Various media have reported that Dar Al Hijrah Islamic Center in Northern Virginia was scheduled to have hosted a fund-raising dinner in mid-February for the ongoing legal fees of Sabri Benkahla, sentenced in 2007 to 10 years in prison for lying to authorities about training with militants in Pakistan. One of the three featured speakers was Jamal Badawi, a leader in many of the most important organizations of the global Muslim Brotherhood including the Islamic Society of North America (ISNA), the Council on American Islamic Relations (CAIR Canada), the Fiqh Council of North America, the Muslim American Society (MAS), and the European Council for Fatwa and Research. Documents released during the Holy Land Foundation terrorism financing trial indicate that he was (and probably still is), a member of the leadership structure of the U.S. Muslim Brotherhood. The other two scheduled speakers at the dinner were Rodwaan Saleh, the ISNA Affiliates Coordinator, and John Sheldon, Mr Benkahla’s attorney.
The Washington Post has described the case against Mr. Benkahla as follows:
A man once accused of aiding the Taliban with a U.S. group that trained with paintball guns was sentenced Tuesday to 10 years in prison for lying to authorities about training with militants in Pakistan. Under normal sentencing guidelines, Sabri Benkahla would have received at most a three-year term for his convictions this year on charges of lying to a grand jury, obstruction of justice and making a false statement. Unidentified supporters of Sabri Benkahla mourn outside the Albert Bryan U.S. Courthouse in Alexandria, Va., Tuesday, July 24, 2007, after Benkahla was sentenced to 10 years after he was convicted of lying to a federal grand jury about his training with a Pakistani militant group. But for the first time, prosecutors were able to obtain a stiffer sentence by arguing that Benkahla’s lies effectively promoted terrorism by obstructing a wide-ranging terror investigation. Prosecutor Gordon Kromberg argued that Benkahla stymied an FBI investigation by giving a grand jury misleading information about his contacts on a 1999 trip to a training camp run by a group called Lashkar-e-Taiba, which the U.S. has since designated a terrorist organization and Kromberg said has links to al-Qaida.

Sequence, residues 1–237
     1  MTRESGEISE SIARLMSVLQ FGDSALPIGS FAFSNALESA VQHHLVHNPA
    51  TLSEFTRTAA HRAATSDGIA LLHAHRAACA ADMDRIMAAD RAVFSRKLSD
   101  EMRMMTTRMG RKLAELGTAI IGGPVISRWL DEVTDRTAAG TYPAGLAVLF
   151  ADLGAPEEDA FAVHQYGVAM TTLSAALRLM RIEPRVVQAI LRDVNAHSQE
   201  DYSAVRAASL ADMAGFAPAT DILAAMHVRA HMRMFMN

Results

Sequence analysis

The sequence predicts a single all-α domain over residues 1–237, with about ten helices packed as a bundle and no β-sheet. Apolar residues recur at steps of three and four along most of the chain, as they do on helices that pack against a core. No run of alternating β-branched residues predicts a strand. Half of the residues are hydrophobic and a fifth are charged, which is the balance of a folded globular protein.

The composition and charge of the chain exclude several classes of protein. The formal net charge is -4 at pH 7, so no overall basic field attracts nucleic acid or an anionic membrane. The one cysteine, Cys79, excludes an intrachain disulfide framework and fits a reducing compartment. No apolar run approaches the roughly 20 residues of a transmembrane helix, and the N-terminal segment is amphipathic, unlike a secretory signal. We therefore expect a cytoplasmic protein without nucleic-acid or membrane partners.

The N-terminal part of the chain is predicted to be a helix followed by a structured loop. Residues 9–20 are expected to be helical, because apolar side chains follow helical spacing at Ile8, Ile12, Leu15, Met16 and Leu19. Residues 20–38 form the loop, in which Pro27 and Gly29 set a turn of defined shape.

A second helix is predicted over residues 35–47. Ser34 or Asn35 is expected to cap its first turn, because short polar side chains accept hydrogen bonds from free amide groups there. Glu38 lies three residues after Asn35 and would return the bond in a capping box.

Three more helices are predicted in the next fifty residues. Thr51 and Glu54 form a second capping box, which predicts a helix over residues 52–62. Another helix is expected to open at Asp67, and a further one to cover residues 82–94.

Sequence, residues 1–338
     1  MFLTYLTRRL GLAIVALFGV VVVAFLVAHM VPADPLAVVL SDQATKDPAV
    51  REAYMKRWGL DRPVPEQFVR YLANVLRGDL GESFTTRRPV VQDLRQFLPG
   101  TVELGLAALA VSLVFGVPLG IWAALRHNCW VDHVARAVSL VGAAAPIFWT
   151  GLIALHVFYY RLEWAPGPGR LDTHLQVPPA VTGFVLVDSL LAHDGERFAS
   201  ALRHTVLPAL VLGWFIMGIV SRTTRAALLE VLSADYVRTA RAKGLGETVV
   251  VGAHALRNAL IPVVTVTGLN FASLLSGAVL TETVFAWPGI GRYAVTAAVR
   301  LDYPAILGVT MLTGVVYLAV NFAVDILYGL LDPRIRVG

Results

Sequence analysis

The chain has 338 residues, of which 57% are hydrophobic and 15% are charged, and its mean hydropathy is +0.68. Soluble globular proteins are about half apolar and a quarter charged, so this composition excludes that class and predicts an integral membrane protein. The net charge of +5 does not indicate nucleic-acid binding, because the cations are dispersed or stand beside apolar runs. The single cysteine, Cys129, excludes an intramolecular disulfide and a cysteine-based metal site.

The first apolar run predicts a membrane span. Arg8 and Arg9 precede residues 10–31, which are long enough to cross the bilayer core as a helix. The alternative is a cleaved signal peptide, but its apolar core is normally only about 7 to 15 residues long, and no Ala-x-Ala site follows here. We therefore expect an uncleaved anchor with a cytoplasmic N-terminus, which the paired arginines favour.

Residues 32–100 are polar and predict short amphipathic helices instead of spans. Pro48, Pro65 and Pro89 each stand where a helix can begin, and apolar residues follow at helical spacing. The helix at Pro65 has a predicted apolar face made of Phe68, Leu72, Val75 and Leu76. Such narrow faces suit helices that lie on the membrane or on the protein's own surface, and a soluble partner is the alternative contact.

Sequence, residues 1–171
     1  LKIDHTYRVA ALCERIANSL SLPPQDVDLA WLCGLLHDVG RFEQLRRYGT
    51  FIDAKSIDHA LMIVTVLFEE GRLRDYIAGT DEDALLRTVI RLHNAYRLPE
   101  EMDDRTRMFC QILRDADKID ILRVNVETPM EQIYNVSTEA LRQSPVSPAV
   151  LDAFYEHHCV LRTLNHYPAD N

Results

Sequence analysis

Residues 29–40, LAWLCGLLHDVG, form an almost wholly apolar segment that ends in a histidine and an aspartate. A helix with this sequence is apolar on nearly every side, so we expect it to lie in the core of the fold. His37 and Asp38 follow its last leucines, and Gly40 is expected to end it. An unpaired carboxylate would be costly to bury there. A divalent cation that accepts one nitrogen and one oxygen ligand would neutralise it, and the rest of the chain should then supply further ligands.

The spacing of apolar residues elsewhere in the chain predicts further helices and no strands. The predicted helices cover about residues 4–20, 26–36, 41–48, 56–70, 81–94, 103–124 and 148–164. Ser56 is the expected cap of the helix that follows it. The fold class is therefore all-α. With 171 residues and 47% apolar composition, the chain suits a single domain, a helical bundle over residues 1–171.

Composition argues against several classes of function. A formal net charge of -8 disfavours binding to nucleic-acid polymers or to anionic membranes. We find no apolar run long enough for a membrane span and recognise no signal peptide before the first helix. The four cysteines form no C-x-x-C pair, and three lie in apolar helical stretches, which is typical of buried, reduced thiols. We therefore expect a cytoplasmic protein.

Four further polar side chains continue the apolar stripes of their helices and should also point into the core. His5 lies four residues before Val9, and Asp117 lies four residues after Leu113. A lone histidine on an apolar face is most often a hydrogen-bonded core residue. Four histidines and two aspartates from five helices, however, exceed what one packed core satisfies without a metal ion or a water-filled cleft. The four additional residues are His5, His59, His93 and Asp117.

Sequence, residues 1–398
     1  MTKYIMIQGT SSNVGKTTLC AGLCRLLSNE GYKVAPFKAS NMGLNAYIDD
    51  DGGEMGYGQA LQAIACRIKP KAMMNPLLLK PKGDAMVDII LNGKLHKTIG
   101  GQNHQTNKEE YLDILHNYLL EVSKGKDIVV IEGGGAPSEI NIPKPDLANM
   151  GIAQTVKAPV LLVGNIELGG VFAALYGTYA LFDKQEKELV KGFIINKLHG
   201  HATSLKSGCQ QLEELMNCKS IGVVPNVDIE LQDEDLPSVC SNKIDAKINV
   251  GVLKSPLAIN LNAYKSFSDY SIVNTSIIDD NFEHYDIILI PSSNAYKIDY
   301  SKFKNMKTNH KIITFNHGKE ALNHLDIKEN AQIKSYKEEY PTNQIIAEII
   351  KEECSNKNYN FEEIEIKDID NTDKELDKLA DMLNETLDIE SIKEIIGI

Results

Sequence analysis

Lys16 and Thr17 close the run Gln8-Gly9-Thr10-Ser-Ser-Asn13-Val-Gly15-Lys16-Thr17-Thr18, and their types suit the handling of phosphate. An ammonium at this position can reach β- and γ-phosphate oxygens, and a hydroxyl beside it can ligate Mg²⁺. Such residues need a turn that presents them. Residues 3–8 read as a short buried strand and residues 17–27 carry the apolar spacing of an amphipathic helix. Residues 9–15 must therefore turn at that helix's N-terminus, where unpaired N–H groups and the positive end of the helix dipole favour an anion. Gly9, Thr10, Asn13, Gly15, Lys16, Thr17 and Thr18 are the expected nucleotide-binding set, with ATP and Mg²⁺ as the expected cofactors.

Read the rest here.
Benkahla appealed the verdict receiving the support of both CAIR and the MAS but in June 2008, the United States Court of Appeals for the 4th Circuit upheld his conviction.
Dar Al-Hijrah is tightly tied to the U.S. Muslim Brotherhood. According to the Dar Al-Hijra web site, four of the nine board members must include the current Secretary General of Islamic Society of North America (ISNA), the current President of Muslim Arab Youth Association (MAYA), the current General Manager of North American Islamic Trust (NAIT) , and the current President of Muslim American Society (MAS). (Both MAYA and NAIT are components of ISNA.) In 2004, the Washington Post reported on the ties between Dar Al-Hijra and the MAS, a U.S. Muslim Brotherhood group close to the Egyptian organization. Anwar al-Awlaki, the radical imam with whom the Fort Hood shooter had been in contact, had been Imam of Dar Al-Hijrah to prior to 911 and in July 2005 Shaker Elsayed, the former secretary-general of the MAS was appointed as the Dar Al Hijrah imam. The former imam left to become the executive director of the Fiqh Council of North America, affiliated with ISNA.
Individuals convicted/indicted in terrorism-related cases that have been known to have attended Dar Al-Hijrah include:
- Abdurrahman Alamoudi, (convicted in plot assassinate Crown Prince Abdullah of Saudi Arabia)
- Mousa Abu Marzook (indicted Hamas political leader)
- Ismail Elbarasse (convicted of obstruction of justice in Hamas financing case)
- Abdelhaleem Ashqar (convicted of obstruction of justice in Hamas financing case)
- Randall “Ismail” Royer (convicted member of the Virginia Jihad Network)
- Ahmed Omar Abu Ali (al-Qaida operative convicted of plotting to assassinate President Bush)
Two of the 9/11 hijackers, Nawaf al-Hazmi and Hani Hanjour were also known to have attended Dar Al-Hijrah.